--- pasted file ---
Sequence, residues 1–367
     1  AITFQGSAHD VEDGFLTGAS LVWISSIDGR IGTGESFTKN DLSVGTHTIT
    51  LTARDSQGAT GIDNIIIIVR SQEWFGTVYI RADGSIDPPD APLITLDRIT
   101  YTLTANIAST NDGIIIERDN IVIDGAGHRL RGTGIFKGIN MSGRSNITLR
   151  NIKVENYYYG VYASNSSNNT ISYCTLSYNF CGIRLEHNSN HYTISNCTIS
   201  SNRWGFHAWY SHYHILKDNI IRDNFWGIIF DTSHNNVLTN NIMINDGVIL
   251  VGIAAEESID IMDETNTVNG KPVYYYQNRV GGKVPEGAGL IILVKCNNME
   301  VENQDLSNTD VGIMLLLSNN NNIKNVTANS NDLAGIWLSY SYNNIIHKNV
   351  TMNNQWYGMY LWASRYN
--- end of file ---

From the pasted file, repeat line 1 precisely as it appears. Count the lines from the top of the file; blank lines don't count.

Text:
Sequence, residues 1–367